The emergence of Germany as an imperial power coincided with the rise of two influential ideas. The first was the concept of lebensraum or “living space,” first posited in 1897 by Friedrich Ratzel, a geographer at the University of Leipzig. According to Ratzel, strong societies needed space into which to expand, otherwise they would become stagnant and enter an inexorable decline. This seemed to perfectly explain the state of late 19th-Century Germany, whose cities had become overcrowded and rife with poverty. In the 1870s alone some 1.25 million citizens had emigrated from Germany to America. In her new colonies Germany’s government saw the opportunity to create lebensraum for its surplus population and allow the nation to expand into a strong, globe-spanning empire. And the ideal place for such expansion was Southwest Africa, which was largely free of tropical diseases and had thousands of acres of prime cattle-grazing land.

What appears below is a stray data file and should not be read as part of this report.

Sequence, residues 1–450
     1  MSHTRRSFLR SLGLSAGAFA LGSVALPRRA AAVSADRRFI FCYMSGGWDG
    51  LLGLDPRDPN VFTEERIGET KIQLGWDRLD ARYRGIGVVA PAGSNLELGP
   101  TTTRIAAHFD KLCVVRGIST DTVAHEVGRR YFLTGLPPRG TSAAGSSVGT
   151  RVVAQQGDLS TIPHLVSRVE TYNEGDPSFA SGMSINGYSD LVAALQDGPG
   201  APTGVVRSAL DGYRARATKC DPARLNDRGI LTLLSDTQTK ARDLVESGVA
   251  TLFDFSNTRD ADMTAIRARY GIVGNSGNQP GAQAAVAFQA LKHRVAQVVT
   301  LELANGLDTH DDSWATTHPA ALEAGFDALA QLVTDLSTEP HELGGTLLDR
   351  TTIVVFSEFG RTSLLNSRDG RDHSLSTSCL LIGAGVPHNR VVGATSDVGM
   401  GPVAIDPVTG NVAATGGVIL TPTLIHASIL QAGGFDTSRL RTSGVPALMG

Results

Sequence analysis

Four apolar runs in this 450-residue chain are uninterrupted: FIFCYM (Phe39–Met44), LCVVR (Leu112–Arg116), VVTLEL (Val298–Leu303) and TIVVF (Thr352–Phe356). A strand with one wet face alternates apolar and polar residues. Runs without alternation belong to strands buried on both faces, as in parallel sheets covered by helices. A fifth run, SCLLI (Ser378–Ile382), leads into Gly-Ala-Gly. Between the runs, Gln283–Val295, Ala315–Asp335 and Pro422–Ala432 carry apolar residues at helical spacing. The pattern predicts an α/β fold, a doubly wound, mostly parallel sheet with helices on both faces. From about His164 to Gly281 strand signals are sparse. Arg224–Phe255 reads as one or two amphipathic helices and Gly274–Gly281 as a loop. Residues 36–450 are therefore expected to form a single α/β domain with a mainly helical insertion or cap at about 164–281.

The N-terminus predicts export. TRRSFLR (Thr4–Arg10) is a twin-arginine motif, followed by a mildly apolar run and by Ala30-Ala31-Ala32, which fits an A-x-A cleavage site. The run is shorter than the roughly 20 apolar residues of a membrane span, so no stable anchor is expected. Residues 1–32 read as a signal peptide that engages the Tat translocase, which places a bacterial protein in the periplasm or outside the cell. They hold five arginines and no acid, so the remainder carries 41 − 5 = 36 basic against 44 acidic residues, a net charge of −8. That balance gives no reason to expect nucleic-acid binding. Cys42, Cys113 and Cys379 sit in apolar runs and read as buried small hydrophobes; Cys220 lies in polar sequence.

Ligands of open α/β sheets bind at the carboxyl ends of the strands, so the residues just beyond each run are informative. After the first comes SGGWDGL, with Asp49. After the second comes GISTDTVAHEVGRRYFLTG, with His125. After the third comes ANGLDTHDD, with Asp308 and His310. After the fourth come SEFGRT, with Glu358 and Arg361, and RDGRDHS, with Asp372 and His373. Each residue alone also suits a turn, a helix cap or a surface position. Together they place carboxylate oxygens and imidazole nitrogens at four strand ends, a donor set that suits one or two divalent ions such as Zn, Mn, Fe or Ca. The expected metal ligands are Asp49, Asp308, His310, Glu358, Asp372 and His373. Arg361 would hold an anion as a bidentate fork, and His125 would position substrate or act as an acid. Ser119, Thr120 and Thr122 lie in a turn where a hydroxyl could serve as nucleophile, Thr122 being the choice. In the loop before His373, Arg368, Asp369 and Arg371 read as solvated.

But there was a problem: that land already belonged to the native tribes of the region, the mainly pastoral Herero and Nama. Since the colony’s founding in 1884, the colonists and the natives had lived in relative peace, a peace maintained via a combination of negotiation and treaties. This meant that German settlers effectively had to rent their land and cattle from the Herero and Nama, a reversal of the typical colonial relationship which resulted in only 4000 Germans choosing to settle in the colony by 1903. It was a state of affairs which quickly brought the Herero and Nama into conflict with the era’s second big idea: scientific racism, an anthropological movement which through various pseudoscientific means sought to prove that the non-white races were not only inherently inferior but a different species altogether, and thus like animals could be killed and exploited with impunity. Settlers arriving in Southwest Africa soon grew indignant at having to rent land from peoples they viewed as racially inferior, and began plotting to take that land for themselves. Abuse of the local population was widespread, and large numbers of Herero and Nama were denied wages, beaten, and raped by the colonists. Especially brutal were the colonial troops, or Schutztruppe, many of whom planned to settle themselves upon completing their military service.